The game includes what may be referred to as award pieces, constituting parts of a sandwich, including slices of bread, slices of ham, and slices of cheese. The time or length of the game is predetermined in the rules, such for example as when a complete sandwich is built up. An added feature of the game is that the award pieces, or food pieces, are provided in different forms, including whole slices, half slices, and quarter slices, and in the process of a player picking up these pieces, he learns the relative quantity of the various pieces, such as half slices, quarter slices, etc.
The game also includes means used in determining the order of playing, this means being generally of educational character. Specific examples of such are mathematics, cryptic puzzles, and general information.
Referring to the drawings in detail, FIG. 1 shows the game board in face view. The board has imprinted thereon various markings, including paths for moving the playing pieces therealong, illustrations of various items including for example the award pieces, and instructions for additional steps, such as further steps in moving the pieces, and in utilizing the award pieces.
The board of the game, indicated in its entirety at 30, is provided on its face with various areas which are designated specially for convenience herein. The board includes a main area 32 which includes a plurality of paths, or portions thereof, indicated in the aggregate at 34 which include a main path 36, in this case of generally horseshoe shape, including legs 38, 40, and a plurality of cross paths 42 connected between the legs. Each path is made up of a plurality of squares, or locations, or stations 44, arranged successively and continuously along the length of the paths.
At a suitable starting point indicated at 46, and at various locations on the paths, are direction indicating arrows 48 for the player to follow in moving his playing pieces along the board.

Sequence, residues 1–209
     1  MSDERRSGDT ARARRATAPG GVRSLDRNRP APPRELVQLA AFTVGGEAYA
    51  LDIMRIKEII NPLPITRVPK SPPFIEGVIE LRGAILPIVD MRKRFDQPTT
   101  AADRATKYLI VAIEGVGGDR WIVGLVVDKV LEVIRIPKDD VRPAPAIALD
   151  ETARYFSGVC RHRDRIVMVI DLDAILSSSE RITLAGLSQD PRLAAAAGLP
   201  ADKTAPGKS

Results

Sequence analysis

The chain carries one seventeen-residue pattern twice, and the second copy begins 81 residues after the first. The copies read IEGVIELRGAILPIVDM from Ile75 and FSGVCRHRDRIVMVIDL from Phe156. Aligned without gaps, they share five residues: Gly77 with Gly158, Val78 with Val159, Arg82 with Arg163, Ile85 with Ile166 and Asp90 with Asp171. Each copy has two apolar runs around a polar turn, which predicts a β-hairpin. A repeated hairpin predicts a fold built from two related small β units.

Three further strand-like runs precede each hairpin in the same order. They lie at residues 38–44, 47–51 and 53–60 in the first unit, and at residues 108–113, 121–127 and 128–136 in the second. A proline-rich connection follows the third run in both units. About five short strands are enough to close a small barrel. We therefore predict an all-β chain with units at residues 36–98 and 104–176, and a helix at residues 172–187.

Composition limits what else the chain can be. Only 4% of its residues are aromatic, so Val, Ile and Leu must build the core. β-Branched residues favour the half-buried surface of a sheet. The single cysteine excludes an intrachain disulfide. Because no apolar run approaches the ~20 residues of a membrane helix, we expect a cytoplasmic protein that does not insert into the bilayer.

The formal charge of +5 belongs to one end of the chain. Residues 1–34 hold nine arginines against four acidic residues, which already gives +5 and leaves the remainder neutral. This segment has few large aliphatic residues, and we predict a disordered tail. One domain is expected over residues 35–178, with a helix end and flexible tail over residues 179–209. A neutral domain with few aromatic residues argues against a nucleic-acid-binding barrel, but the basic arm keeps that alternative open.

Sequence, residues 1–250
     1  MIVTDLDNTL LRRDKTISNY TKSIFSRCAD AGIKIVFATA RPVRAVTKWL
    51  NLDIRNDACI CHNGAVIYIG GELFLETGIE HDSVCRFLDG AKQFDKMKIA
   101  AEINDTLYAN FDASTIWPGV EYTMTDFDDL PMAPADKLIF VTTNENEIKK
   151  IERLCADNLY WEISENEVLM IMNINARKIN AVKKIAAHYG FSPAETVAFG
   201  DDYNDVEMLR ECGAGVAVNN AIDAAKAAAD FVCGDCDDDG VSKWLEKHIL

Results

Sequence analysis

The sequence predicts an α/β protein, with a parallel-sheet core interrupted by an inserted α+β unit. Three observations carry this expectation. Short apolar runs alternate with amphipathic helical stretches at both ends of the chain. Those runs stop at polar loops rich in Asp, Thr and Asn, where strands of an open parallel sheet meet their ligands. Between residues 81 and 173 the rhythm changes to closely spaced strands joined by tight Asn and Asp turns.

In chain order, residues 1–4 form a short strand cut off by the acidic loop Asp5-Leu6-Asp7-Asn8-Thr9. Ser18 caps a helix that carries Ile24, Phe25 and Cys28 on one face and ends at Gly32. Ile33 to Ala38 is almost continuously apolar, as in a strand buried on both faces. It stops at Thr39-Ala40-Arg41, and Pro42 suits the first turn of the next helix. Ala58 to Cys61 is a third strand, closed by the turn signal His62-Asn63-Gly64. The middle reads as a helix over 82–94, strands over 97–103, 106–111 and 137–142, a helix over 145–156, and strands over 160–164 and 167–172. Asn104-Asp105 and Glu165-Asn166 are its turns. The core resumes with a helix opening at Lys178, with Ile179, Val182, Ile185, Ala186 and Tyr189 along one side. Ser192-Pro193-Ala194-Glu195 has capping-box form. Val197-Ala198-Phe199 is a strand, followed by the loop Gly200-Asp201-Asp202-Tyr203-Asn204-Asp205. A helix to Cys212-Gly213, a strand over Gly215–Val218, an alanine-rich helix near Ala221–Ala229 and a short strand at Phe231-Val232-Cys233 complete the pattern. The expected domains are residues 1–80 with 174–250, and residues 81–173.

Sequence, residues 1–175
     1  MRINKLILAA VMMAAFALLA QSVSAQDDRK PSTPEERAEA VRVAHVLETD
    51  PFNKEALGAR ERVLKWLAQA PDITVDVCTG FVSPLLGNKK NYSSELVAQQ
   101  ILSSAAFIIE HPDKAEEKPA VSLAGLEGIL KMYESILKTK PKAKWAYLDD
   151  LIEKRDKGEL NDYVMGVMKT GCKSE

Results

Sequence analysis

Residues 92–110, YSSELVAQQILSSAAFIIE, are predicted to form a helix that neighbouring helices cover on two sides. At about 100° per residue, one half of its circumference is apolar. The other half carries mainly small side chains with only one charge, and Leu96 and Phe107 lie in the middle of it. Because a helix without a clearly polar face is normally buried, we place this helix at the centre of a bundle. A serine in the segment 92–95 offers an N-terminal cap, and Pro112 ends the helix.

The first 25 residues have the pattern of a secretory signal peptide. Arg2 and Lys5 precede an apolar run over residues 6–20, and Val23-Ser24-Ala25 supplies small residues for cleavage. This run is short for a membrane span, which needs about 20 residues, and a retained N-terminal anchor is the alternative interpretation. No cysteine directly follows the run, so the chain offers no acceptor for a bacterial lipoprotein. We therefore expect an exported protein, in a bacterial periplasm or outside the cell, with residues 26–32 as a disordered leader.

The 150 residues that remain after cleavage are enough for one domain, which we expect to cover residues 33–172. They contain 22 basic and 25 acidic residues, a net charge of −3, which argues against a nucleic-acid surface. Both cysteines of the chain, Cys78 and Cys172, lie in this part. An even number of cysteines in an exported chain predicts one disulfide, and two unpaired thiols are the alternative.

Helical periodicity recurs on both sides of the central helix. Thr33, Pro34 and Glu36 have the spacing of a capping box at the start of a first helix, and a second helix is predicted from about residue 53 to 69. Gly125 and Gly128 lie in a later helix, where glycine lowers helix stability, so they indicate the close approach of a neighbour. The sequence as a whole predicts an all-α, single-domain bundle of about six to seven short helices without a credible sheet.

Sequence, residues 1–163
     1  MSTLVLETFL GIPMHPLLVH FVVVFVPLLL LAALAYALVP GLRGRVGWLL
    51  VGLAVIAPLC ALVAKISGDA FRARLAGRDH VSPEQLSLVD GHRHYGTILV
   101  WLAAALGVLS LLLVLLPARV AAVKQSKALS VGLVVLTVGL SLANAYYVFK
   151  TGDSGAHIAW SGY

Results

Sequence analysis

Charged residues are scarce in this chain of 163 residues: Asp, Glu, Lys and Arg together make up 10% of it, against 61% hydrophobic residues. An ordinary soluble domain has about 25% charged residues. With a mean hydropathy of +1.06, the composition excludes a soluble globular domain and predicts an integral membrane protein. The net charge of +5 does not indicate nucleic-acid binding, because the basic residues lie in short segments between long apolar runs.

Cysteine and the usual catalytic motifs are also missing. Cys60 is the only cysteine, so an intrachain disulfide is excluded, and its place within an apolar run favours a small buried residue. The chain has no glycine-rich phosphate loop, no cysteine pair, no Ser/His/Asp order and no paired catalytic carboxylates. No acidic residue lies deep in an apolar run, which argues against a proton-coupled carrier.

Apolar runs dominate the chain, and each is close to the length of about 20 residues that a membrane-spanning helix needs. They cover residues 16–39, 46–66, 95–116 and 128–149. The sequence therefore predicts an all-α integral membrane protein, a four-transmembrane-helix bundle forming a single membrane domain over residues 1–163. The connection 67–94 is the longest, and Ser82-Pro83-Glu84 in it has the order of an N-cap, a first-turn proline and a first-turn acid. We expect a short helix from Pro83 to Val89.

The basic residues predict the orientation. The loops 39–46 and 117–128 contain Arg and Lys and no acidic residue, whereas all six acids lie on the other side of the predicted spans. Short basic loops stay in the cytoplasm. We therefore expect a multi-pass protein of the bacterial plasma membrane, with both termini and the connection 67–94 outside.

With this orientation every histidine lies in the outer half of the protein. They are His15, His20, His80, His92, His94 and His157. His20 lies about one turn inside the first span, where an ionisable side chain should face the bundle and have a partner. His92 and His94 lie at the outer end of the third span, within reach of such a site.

In addition to the general playing area 32, is an area 50 at the top in which the title is inscribed, and other areas at the sides including a bakery area 52, a deli area 54, and another area 55 at the bottom used in this case for cheese. Additionally the board includes areas 56 at suitable locations, such as at corners, designated snack trays on which the award pieces, or pieces of food, are placed by the respective players in building up the sandwiches, which is one of the objects of the game.
As indicated above, the award pieces include pieces of food and in the bakery area 52 are illustrations of slices of bread in different forms. These slices of bread are indicated generally at 58 and include a full slice 58a, another slice cut in halves 58b, and a slice cut in quarter slices 58c.
In referring to the food items hereinbelow, reference is made to full slices, half slices, and quarter slices, and this reference is relative to what is generally recognized by those expressions, but it is of course not intended that the slices or pieces be of any certain size since the bulk from which slices are cut would vary in size, but only what is recognized as a full slice, and a partial slice, from the standpoint of a person learning from the game.